In difficult times people get the opportunity to pause and reflect on just how good our public services are. From the police to our NHS teams of doctors, nurses and other frontline staff, we can and do rely on the fact that they are never found wanting. When it's time to stand up and be counted - even when there are fewer to count - they turn up. The harsh reality is that the people who do these tough, sometimes thankless, jobs need to be able to count on us and whilst it's been good to hear praise from politicians, I hope many take the time to reflect.
The police service, and some individuals within it, haven't and don't always get things right and learning from mistakes and reforming the service is important but that reform and restructuring needs to add up. No matter how you cut it, no matter what spin you put on diversification of resource or doing things differently, there are 20,000 fewer police now than there were in 2010. That's fewer eyes and ears on the street; fewer bobbies building relationships, community confidence and critically creating that visible reassurance and deterrence that is key at times like this.
Putting soldiers on our streets cannot be the answer. It sends the wrong message and a militarisation of security is what radicals want. It feeds into the myth that we are about oppressing others, appears desperate, and the symbolism of images of troops on our streets being edited and broadcast around the world feeds fanatics' fantasies.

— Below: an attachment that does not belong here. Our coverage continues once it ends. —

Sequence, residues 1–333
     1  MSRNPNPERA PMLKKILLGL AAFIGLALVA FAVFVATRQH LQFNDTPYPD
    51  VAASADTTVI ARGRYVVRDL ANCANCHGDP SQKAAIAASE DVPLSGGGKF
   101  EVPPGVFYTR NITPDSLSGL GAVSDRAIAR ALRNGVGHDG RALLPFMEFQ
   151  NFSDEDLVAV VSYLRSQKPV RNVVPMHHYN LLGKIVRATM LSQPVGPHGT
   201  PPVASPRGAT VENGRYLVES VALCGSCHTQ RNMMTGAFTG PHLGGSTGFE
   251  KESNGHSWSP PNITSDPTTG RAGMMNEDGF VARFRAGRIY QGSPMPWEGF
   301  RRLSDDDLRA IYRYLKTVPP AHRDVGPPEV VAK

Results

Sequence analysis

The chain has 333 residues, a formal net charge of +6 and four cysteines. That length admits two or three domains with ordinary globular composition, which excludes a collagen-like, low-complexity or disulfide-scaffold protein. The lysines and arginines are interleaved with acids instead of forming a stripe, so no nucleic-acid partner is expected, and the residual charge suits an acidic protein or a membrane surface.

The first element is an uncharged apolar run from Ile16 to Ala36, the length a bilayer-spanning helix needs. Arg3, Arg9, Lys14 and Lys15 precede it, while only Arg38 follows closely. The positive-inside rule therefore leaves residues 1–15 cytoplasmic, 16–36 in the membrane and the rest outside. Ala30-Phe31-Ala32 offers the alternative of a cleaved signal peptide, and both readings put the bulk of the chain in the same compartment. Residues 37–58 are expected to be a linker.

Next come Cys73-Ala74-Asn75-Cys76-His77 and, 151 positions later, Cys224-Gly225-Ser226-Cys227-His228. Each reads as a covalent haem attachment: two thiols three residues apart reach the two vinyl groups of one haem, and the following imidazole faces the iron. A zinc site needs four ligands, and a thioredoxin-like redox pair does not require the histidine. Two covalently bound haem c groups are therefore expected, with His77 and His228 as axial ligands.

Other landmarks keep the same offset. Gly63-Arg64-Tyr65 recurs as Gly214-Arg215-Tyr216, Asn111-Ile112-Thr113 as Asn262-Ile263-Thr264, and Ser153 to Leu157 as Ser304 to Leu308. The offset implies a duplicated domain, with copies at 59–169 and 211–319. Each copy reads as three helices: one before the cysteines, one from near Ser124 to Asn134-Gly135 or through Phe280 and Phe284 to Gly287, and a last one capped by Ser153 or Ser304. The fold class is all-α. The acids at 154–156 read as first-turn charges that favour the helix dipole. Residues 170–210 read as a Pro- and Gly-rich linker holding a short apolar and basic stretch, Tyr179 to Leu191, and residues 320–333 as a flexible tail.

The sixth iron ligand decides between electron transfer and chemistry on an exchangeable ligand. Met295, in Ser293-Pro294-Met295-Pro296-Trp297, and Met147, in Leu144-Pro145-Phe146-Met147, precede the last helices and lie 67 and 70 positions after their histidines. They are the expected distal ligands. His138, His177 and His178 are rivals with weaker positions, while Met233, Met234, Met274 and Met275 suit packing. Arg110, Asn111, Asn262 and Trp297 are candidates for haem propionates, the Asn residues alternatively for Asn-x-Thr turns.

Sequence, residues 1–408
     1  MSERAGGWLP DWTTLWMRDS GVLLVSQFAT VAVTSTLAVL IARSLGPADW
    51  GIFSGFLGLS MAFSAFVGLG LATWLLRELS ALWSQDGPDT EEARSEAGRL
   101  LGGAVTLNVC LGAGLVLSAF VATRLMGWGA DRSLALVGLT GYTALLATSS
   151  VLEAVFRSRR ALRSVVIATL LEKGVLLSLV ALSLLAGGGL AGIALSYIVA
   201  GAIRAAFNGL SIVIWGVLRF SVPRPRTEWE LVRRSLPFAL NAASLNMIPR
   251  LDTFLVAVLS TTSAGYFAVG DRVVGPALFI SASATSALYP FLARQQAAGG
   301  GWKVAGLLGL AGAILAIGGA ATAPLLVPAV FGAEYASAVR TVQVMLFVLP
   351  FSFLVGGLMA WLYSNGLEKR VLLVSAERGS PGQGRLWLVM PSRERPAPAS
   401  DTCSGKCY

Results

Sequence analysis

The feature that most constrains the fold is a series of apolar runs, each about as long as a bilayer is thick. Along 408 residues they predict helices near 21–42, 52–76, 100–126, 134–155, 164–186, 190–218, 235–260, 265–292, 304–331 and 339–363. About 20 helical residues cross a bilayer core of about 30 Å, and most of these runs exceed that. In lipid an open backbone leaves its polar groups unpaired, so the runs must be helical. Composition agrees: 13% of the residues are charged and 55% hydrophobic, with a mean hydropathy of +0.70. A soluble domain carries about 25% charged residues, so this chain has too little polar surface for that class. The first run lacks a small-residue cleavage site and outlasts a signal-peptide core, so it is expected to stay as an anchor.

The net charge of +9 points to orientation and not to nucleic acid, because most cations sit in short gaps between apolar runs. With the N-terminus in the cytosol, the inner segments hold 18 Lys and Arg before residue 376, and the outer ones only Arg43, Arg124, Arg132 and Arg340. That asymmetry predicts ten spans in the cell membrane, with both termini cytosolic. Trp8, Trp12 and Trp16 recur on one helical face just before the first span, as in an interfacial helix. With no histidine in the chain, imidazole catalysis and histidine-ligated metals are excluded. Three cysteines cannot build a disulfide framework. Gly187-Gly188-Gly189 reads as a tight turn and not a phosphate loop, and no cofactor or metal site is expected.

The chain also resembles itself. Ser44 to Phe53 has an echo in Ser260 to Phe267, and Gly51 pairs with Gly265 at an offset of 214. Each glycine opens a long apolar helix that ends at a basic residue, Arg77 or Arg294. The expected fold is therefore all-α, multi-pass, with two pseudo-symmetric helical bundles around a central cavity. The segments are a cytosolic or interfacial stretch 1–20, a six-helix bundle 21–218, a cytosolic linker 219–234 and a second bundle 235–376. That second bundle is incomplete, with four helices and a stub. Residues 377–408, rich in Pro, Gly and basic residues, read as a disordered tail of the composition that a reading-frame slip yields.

Business as usual is not what they want to see, so let's force feed it to them? They want to see division, and work hard to hide behind and within a community that are no more responsible for their terror than the Catholic and Protestant communities living in Northern Ireland were for the IRA and UVF. This is about terrorists, individuals who use violence for their political ends. Only the fool with no knowledge of terrorism would associate criminal acts with a faith or community.
The real value in British policing, and what we lacked from a large section of the community in Northern Ireland, was consent. We lose that now at our peril. To gain confidence and build rapport you need to be seen, heard and demonstrate your ability to listen. Police officers can and do provide a valuable conduit to communicate and reassure alienated communities.
What we don't need now are more excuses. For too long the blanket of austerity has excused all sorts of cuts. Education, social care, health and policing; the infrastructure upon which a fair and just society is built require investment and support. Frontline staff do not deserve to be demonised - lest we forget plebgate; be demoralised, or suffer , or suffer the endless cuts on the back of 'you can do more with less' rhetoric.
Of course we have to face the reality of tighter financial times but we cannot continue to asset strip the critical services who in times of trouble make the real difference. Better we, who can, pay more tax for the things that matter than stand by applauding the actions of our public servants whilst some visit foodbanks when off-duty.
Those who represent a threat need to see police feet on the street. Prevent in my opinion isn't working - it's a blunt instrument that in some cases can alienate those we should be embracing - and the rhetoric that crime has changed and there is an investment in different approaches just does not cut it. Politics isn't easy and many politicians across most parties want to do the right thing: the problem is we are all familiar with false promises and u-turns. It's easy to say the right thing at the right time to the right audience and wait until that time has passed, when the agenda shifts and you can move on without acting.
Action as ever speaks louder than words and whoever wins the election on the 8 June needs to get their priorities right: investing in education, social care, health and policing is literally critical.
Jim Gamble is CEO of INEQE Group and a former Police Head of Counter Terrorism in Belfast, Deputy Director General of the National Crime Squad and founding CEO of the Child Exploitation and Online Protection (CEOP) CentreSuggest a correction